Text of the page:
Child Support And Wage Garnishment In Florida
In Florida, when courts order child support, they do so based on a number of factors, including the number of children being supported, the parties’ incomes, and how custody is divided. Once ordered, a child support award will become legally enforceable, so non-custodial parents who fail to pay could risk being sanctioned by the court. In an effort to collect from a non-paying parent, the child’s custodial parent can request wage garnishment from the Florida Department of Revenue. If granted, the non-custodial parent’s employer will receive a withholding notice, after which, it will be required to take funds directly out of that parent’s paycheck and re-route the amount to the parent who is owed support. If you want to learn more about the wage garnishment process, or have questions about changing your child support order due to changed circumstances, please call our experienced Clearwater child support modification lawyers today.
Wage Garnishment Process
Under Florida law, parents have the right to seek wage garnishment to collect on unpaid child support. If awarded, garnishment allows the Florida Department of Revenue to take funds directly from a third party. In child support cases, this third party is usually the non-paying parent’s employer, who, once it receives a child support collection order, will be required to deduct a certain amount from the non-custodial parent’s paycheck. Once the funds are withdrawn, they are then sent to the Florida State Disbursement Unit, where they will eventually be re-routed to the custodial parent who requested enforcement of the child support order.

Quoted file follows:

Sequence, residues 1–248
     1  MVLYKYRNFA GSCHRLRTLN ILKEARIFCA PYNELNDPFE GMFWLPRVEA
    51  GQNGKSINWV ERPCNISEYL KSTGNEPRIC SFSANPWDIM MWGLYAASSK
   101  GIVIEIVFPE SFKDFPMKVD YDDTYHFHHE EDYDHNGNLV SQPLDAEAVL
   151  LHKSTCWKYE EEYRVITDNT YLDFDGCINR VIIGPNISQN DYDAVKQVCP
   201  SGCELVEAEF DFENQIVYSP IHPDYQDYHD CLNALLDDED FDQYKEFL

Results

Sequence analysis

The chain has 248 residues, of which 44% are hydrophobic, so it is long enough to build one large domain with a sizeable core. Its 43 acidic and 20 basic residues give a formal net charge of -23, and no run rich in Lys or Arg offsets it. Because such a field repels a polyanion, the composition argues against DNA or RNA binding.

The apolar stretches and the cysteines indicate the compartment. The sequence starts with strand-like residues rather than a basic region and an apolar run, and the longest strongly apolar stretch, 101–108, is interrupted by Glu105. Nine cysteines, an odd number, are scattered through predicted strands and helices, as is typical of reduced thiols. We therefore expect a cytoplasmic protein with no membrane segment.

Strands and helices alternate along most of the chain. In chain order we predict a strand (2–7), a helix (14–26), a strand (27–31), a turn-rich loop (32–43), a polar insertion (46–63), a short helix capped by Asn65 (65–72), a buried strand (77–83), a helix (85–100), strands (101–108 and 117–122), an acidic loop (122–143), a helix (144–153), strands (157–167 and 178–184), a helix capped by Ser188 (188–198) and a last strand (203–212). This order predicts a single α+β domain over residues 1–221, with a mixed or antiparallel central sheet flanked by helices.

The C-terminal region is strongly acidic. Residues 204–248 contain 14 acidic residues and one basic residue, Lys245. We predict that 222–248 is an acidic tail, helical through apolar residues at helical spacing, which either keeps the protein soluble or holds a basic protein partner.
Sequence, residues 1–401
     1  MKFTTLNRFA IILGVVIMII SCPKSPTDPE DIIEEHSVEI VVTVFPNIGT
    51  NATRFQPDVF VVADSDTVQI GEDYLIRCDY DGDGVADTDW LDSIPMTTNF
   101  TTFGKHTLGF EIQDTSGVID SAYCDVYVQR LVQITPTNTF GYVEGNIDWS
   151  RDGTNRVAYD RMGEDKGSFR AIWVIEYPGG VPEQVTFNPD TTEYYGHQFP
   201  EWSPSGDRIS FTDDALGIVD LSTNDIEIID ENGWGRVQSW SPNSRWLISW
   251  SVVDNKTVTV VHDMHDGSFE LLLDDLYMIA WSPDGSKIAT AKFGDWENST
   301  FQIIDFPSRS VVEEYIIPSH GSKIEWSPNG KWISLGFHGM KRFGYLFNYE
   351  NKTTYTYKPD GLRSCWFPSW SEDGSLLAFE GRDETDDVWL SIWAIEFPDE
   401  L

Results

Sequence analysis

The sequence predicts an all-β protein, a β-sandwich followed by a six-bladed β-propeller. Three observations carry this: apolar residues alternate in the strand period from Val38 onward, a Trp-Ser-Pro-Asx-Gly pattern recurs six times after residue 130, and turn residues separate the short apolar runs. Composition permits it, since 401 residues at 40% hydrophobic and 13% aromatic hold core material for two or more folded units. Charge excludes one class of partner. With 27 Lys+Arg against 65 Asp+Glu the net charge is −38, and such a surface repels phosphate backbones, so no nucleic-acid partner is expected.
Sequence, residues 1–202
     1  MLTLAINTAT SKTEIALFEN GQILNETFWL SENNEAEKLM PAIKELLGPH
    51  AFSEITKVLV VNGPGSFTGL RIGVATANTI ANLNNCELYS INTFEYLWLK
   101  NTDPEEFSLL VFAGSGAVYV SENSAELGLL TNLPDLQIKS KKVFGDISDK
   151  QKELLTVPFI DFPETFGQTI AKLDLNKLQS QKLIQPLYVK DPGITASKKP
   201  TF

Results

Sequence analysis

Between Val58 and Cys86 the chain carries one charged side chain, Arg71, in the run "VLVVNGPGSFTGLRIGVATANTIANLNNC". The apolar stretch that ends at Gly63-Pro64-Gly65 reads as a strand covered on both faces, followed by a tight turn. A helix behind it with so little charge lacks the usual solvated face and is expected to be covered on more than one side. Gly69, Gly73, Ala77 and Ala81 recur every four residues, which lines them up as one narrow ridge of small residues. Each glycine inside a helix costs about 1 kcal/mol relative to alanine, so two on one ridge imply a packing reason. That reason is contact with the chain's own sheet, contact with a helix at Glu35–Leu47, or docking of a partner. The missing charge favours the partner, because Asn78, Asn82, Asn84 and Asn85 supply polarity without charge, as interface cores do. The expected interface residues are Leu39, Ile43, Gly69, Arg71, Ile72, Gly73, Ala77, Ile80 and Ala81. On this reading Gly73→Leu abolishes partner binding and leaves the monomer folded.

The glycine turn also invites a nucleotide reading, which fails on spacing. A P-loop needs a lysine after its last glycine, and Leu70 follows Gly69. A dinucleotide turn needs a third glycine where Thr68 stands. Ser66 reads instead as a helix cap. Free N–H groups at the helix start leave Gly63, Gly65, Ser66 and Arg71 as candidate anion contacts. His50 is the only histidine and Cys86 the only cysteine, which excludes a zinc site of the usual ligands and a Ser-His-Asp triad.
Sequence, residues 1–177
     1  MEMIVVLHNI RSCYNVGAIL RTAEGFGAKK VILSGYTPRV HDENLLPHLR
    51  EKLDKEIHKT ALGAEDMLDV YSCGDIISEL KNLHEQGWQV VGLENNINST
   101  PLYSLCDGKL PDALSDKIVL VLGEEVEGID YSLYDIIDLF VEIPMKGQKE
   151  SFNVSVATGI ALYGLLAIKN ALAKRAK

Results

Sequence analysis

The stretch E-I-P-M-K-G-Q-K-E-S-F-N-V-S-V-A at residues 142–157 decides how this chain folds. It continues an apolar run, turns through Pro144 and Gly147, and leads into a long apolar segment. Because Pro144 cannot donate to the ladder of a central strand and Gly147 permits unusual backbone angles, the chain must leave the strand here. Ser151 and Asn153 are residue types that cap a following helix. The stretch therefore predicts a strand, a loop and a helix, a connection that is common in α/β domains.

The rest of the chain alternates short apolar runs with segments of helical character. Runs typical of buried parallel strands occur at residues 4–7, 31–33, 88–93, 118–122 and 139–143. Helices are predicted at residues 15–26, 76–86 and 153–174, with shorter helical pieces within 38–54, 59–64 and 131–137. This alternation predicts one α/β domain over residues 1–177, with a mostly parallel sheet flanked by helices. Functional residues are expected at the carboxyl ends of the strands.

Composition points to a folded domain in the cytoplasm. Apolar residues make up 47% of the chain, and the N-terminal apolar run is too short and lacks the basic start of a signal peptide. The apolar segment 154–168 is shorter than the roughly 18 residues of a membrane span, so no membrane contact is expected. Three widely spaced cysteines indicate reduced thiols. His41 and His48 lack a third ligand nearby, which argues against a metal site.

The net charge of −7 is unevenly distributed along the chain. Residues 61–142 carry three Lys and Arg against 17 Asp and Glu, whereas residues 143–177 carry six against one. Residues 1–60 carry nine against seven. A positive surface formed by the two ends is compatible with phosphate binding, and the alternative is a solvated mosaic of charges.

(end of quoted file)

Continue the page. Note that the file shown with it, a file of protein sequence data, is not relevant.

How Much Can the State Garnish?
It’s important to note that there are limits on how much can actually be taken out of a person’s paycheck. In most cases, for instance, the maximum amount that can be garnished from a person’s wages to pay off a debt is 25 percent of the debtor’s paycheck. Child support, however, is not treated like most debts in Florida, where up to half of a non-custodial parent’s disposable income can be garnished for the support of a child. This means that after an employer has withheld all necessary taxes from a paycheck, the state can take an additional 50 percent of the total for child support purposes. In fact, this number can be increased to 60 percent if the non-custodial parent isn’t also supporting a spouse or another child. Finally, the government can tack on an additional five percent when a parent is more than 12 weeks overdue on child support.
Schedule a Case Review Today
Whether you are seeking the enforcement of a child support order, or you are no longer able to pay the amount ordered by a family law court, you need an attorney who can help you navigate the legal process. To learn more about wage garnishment and other methods of enforcing child support awards, please call 727-683-1472 and set up a meeting with one of the dedicated Clearwater child support modification lawyers at Cairns Law. We recognize that our clients lead busy lives and so are happy to make ourselves available for both weeknight and weekend appointments.